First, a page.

|SAVING YOUR OWN SEEDS
Read information on collecting, drying,
and storing seeds from your own flowers.
Starting seeds indoors
Read information on how to sow seeds indoors.
Makes a great hobby. Get a head start this Spring!
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|This picture is from one summer's harvest
of Marigold seeds. The original seed was
given to me by my Father 5 years ago.
This pile of Marigold seeds measures
about 5 inches high!
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|SAVING YOUR OWN SEEDS
If you'd like to collect seeds from your flower gardens here is a basic method I use to save my seeds.
Step 1 Getting started:
Throughout the growing season I allow flowers to go to seed; producing seed heads or seed pods.
Than I let the seed heads dry out as much as possible while still on the plant. Weather permitting of
Step 2 Collecting seeds:
Before the pods break open, are eaten by birds, or risk of frost and winter weather starts I will collect the
dried seed pods from the plants on a dry sunny day. I carefully cut or break off the seed heads from the
plants with a container in the other hand to catch any seeds or seed pods that may fall. If collecting
seeds from many different plants at once; it is a good idea to collect them in separate envelopes or
containers with a quick label for each to remind yourself what seed is from what plant!
Step 3 Drying seeds:
After collecting the seeds I usually place them in a ventilated box or container to dry out completely. I
keep the box outside in a warm and dry spot. So if drying outside try to keep them protected from wind,
wet weather, and rodents. Some seeds will dry out faster than others. I always make sure that any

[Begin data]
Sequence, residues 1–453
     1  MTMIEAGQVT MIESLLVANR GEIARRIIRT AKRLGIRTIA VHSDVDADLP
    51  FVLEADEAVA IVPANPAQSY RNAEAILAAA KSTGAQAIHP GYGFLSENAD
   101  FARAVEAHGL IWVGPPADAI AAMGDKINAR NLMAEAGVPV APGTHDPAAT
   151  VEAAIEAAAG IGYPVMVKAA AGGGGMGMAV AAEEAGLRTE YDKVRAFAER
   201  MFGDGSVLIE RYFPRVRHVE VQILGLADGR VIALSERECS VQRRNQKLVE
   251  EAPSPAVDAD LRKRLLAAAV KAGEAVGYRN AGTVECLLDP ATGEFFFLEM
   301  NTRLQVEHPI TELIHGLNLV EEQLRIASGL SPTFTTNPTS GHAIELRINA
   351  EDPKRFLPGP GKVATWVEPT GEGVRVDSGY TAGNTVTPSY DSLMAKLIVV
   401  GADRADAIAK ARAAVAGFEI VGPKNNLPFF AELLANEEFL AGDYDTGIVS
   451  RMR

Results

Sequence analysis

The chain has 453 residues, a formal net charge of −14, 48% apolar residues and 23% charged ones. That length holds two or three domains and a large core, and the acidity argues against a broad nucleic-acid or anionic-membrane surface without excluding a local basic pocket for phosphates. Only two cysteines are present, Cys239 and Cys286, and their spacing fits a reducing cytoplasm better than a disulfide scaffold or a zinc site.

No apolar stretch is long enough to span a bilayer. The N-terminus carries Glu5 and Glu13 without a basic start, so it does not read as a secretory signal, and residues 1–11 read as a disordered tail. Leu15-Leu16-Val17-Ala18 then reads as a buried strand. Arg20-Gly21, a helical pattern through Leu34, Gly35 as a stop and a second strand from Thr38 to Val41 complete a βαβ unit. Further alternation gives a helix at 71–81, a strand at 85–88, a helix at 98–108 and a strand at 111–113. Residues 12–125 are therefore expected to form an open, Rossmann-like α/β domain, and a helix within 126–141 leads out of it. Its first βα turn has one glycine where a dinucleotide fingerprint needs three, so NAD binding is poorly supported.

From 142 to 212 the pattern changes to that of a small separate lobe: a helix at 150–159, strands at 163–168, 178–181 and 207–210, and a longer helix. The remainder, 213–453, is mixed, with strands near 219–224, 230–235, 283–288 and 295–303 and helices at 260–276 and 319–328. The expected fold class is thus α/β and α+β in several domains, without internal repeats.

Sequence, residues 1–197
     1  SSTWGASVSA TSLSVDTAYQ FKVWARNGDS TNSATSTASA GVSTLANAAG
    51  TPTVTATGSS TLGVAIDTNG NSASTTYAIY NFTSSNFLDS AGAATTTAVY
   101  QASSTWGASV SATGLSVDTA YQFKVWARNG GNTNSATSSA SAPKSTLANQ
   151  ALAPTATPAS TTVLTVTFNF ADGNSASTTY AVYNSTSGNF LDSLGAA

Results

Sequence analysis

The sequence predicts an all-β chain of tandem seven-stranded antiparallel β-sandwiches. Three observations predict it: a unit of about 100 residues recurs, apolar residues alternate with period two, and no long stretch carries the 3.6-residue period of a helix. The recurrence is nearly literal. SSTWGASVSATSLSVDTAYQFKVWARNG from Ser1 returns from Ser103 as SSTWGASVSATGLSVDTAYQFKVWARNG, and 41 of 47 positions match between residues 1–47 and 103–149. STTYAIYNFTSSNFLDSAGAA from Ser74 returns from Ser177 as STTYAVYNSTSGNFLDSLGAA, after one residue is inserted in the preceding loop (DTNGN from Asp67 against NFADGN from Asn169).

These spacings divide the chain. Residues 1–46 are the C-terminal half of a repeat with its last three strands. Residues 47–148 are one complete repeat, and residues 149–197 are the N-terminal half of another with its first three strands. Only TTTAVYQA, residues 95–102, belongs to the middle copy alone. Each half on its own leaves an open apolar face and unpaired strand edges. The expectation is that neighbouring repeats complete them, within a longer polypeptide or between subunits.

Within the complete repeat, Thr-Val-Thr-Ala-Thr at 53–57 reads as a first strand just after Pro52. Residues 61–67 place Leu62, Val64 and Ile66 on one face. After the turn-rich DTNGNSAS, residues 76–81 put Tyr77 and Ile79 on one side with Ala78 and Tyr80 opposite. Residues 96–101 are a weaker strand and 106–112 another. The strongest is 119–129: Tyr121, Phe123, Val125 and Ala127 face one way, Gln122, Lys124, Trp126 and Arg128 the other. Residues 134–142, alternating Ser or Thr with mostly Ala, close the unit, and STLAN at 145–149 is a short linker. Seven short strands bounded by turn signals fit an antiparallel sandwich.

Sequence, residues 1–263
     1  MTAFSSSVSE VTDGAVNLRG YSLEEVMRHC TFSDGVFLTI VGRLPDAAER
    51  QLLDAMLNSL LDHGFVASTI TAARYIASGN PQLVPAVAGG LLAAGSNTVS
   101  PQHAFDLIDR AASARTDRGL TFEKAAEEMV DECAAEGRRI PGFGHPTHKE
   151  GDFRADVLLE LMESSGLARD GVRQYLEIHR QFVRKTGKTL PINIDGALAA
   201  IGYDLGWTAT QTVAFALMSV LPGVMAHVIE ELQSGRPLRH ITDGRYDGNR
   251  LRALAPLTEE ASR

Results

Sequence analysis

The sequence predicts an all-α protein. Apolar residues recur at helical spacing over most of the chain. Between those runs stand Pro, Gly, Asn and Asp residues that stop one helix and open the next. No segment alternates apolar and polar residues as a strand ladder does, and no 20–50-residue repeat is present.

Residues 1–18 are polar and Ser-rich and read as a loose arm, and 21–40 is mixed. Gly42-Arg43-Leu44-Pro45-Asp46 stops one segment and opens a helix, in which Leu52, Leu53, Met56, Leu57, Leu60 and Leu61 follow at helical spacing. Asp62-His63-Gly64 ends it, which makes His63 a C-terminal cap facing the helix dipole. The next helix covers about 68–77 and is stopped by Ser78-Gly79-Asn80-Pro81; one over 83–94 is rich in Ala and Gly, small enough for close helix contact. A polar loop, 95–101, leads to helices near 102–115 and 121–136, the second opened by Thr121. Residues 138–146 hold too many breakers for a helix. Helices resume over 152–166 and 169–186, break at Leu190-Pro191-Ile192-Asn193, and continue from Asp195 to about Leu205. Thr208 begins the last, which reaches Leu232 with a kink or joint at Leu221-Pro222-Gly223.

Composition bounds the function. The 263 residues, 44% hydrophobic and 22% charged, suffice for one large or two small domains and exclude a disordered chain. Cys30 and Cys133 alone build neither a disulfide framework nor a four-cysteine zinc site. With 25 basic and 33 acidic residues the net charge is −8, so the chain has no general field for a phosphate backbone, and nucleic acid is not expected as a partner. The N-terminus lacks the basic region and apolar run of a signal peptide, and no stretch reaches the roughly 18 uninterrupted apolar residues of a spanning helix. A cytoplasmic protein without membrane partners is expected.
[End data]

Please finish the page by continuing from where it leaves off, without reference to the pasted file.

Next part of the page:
seeds that I'm ready to store are completely dry. This prevents rotting and minimizes the possibility of
|Step 4 Preparing seeds for storage:
When seeds are good and dry I shake the seeds and pods through a mini
screen, or sieve. I give them a gentle "crush" onto the screen and gently
shake this over a white piece of paper. The screen usually holds most of
the seed pods, and chaffs allowing the seed to fall through onto the paper.
|Step 5 Storing seeds:
I simply use paper envelopes to store my seeds. Labeling is important.
|Label envelopes with the date and year collected as well as the name of the plant. It is a good idea to
store envelopes in a cool dry area. I store my seed collection in the laundry room. I also store some
seeds outside in the garden shed over winter. If storing seeds outside remember to place envelopes
in a rodent proof container such as a metal can with lid. An old washed out paint can with lid works
|The seed's success depends on how old it is, and it's storing conditions. That is not to say that my
seeds have not been stored for more than one year. I have done so. I do try to plant seeds I have
collected right from the previous year for best results in the garden. Although, I have had successful
plantings with older seeds. If I become overloaded with seeds, I just give them away to friends.
To keep my seed supply fresh and plentiful, I always collect, dry and store new seeds every year.
|Supplies for seed saving:
Small old window screen or sieve.
A variety of sizes of paper envelopes.
Ventilated cardboard box or container.
A selection of small containers for catching, collecting,
and drying seeds in.
Scrap pieces of white paper.
Old, washed out paint can with lid for rodent proof
Pens for labeling.
|Favorite flowers to collect seeds from:
|Keep it growing.
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